How long can you be absent from the United States before breaking Continuity of Residence?
USCIS has a new update on the policy for naturalization applicants’ absences from the United States. Most applicants wish to visit their family members in their country of origin. As a lawful permanent resident, one is not eligible for naturalization until they have reached the required period of continuous residence in this status.
An applicant must have resided continuously in the United States after his or her lawful permanent resident admission for at least 5 years prior to filing the naturalization application (certain conditions such as spouses (and battered spouses and children) of U.S. citizens may apply for citizenship after 3 years of continuous residence).
The update is found in the USCIS Policy Manual. It indicates the policy highlights as follows:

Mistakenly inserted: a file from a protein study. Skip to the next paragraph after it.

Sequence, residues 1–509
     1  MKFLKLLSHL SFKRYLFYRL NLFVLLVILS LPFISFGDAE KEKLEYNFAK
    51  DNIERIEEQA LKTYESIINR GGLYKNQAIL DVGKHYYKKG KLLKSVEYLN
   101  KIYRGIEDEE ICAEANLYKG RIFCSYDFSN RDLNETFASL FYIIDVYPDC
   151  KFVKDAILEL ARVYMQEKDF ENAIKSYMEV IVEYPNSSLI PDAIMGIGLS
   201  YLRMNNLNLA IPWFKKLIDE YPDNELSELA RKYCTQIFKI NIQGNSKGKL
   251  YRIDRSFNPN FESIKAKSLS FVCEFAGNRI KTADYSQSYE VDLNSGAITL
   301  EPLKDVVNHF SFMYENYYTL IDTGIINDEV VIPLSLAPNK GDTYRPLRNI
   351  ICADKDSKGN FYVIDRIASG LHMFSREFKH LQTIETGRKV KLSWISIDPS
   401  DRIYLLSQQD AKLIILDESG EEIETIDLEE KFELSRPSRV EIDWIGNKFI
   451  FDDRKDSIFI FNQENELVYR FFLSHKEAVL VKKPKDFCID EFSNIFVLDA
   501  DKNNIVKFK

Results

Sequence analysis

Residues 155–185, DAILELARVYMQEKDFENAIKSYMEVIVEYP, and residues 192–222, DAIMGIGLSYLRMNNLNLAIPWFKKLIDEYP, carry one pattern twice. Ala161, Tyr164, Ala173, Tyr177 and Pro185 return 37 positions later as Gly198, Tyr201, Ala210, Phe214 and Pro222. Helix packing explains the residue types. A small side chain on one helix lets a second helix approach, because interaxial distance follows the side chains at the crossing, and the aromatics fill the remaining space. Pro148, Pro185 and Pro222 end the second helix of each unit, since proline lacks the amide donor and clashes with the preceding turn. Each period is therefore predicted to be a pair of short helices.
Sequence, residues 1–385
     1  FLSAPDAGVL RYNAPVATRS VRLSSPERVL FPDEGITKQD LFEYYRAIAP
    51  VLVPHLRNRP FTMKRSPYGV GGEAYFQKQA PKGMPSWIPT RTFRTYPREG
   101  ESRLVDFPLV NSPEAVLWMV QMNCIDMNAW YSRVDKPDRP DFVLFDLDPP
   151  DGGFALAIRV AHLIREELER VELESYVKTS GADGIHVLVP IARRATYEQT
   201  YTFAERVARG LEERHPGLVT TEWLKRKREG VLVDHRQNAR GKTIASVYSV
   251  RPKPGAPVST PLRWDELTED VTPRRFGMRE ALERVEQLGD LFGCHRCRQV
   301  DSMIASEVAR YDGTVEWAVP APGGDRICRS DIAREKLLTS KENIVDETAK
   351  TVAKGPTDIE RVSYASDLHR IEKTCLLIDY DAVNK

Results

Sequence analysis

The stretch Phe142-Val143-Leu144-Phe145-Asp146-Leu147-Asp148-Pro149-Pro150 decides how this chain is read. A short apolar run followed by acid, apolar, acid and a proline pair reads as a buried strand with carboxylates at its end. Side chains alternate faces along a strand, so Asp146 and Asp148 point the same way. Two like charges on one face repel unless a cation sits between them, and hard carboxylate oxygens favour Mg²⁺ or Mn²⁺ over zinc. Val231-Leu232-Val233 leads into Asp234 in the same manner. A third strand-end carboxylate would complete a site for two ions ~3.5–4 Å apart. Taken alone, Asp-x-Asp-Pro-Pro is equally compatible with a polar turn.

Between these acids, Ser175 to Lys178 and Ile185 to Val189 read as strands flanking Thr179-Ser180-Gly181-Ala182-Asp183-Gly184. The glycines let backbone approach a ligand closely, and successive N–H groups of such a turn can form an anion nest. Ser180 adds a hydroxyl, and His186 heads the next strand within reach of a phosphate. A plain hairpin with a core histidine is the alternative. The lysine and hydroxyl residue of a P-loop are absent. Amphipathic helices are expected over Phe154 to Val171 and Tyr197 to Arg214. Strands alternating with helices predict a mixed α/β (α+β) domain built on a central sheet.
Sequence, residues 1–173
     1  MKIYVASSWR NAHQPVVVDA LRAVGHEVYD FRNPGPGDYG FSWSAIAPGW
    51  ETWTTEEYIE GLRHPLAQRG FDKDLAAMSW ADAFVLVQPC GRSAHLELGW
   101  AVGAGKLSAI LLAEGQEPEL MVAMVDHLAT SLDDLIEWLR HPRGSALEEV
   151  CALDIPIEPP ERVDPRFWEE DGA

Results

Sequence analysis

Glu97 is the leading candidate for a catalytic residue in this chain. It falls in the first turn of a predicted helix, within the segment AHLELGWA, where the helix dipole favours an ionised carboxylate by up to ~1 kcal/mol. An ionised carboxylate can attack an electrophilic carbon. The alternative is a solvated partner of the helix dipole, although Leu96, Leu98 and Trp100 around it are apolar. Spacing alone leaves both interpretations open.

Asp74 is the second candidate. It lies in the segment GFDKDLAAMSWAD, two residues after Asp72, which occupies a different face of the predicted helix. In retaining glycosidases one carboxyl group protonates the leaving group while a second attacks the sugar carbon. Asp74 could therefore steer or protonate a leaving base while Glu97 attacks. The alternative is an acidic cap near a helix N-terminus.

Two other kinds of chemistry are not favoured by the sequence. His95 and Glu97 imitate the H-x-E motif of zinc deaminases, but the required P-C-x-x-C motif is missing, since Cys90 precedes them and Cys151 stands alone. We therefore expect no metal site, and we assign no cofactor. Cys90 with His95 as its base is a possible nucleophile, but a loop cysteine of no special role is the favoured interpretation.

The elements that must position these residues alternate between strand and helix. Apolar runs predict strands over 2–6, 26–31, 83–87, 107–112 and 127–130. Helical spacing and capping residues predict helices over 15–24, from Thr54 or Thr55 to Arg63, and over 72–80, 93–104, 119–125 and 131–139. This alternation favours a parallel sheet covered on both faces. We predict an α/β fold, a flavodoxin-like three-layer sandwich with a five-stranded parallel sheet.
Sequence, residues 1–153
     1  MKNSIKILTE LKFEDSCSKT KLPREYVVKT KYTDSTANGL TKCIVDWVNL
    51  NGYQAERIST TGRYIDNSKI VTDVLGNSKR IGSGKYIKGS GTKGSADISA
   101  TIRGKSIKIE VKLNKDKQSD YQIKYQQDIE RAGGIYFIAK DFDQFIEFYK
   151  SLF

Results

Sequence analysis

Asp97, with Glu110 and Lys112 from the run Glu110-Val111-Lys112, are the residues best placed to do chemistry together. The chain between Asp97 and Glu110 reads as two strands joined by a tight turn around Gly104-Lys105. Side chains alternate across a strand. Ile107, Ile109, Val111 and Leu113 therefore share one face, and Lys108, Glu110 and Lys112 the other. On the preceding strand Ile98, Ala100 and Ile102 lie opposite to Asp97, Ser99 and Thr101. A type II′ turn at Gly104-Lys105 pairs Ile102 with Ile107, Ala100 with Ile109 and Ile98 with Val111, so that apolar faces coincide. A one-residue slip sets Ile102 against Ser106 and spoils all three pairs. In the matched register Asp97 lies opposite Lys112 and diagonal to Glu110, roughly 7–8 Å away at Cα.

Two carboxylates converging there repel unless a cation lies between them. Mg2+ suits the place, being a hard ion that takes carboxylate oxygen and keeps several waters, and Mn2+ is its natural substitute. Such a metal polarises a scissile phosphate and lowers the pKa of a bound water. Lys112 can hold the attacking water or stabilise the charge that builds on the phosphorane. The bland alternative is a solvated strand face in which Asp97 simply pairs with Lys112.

• An applicant who has been absent from the United States for more than six months but less than a year must overcome the presumption that they have broken the continuity of their residence in the United States; and
• An applicant who has broken the continuity of residence in the United States must establish a new period of continuous residence, the length of which depends on the basis for naturalizing.
An absence of 1year or more will automatically break the continuity of residence. Note that Form N-470 Application to Preserve Residence for Naturalization Purposes preserves residence for lawful permanent residents engaged in qualifying employment abroad with the U.S. government, private sector, or a religious organization.
For more information, please contact our office for a free telephone consultation (15 minute) at 248-557-3645.
Associate Attorney, Immigration Law Department
The Law Offices of Joumana Kayrouz, PLLC
phone: (248) 557-3645 fax: (248) 200-0645 email: email@example.com
1000 Town Center, Suite 800 Southfield, MI 48075